After writing about what nomads do best (move about, that is) I have discovered in the past few days what nomads do worst. Fellow nomad, Rebecca Campbell wrote in the Telegraph today about revisiting her homeland in the Australian outback. She said going home was the toughest test for her nomadic adventure. Not so Rebecca, so long as the immovable object continues its impetus, you will be forever nomadic.
But move, I did not. Here is how it happened. After a bout of heavy surfing on the blogcatalogue discussion boards (in which I was becoming more and more facetious) my gut clenched into a tight ball which bought a tear to mine eye, and my grey haired doctor scribbling an illegible note to the surgical admissions team at the local hospital. In pain, but still moving, I was more or less content to be travelling in my friends convertible Renault (ambulance shmambulance). The trouble began when I was asked to take a seat in the hospital waiting area. As a hyper active, peripatetic nomad (GO on, look it up, I know you won’t), with the nickname “momentum girl”, the very idea of sitting still on a blue plastic chair for a couple of hours was crippling enough. Even my intriguing surroundings – footballers with legs bent out of shape, a woman carrying her finger in a bloody towel and severely overweight nursing staff (which begged many a question) did not entertain me sufficiently and I was soon feeling cornered and nervously checking out windows and doors for potential escape routes.
Before long my upper lip had lost all stiffness, and I was, dare I say it, asking for pain relief (in a very polite British fashion). It got worse. When I was eventually seen, the staff at the hospital trapped me in my bed by cunningly sticking a needle in my arm and attaching a tube and a bag full of saline drip to the other end. I couldn’t even slightly shuffle. Worse still, there was but a paper thin curtain separating my ear from my neighbours mouth. The Cambridge accent has never been my favourite (the REAL Cambridge accent, not the plumy one). She even irked the capable SHO, who I could hear suggesting to her that unprotected sex could cause infections that would bring on stomach pains like hers. I noted that he had made no such suggestion to me and wondered whether to be offended or not.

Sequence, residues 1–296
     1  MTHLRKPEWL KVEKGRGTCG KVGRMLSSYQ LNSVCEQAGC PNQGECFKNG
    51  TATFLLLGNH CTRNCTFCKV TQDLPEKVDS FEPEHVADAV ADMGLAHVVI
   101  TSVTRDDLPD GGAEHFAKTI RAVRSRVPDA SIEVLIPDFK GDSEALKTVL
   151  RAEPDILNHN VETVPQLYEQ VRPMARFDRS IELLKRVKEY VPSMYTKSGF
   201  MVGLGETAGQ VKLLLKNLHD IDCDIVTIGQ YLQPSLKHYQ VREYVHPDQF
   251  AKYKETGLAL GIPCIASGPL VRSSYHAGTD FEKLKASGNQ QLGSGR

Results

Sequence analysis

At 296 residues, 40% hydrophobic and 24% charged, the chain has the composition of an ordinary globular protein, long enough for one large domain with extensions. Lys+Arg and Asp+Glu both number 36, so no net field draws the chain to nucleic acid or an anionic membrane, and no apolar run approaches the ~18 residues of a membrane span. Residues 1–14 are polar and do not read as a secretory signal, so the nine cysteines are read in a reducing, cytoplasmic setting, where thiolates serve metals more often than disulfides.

A few hours later, unlike the brave Ted Kennedy, I shuffled out of Addenbrokes tanked up on Codine and muttering to myself. And thankfully also unlike Ted, I had no diagnosis of malignancy, instead, I had…erm…just NO diagnoses. But the recommended treatment may prove fatal. “Just rest, do nothing, eat nothing for 24 hours, take it easy”. My cool friend in her Renault smiled slyly at my groan – she knows me well. And since then everyone I know has called to offer the same recommendation. It’s almost as if they KNOW I burn candles at both ends and in the middle. Were I able to ignore the advice I have no doubt that I would, but although the gut now lies flat and lifeless, so do the legs. And the head is spinning and my mouth has that poo taste bought on by nothing having passed my lips. Worse - I am doing something I NEVER do – watching daytime television. Endless shows about antiques, decorating and buying houses fill my brain, reminding me that tomorrow morning I have to shift mine into the back of a van and move it. Groan. I am just about able to raise my fingers to this keyboard despite this whirring laptop weighing heavy and hot and sweaty on my legs…..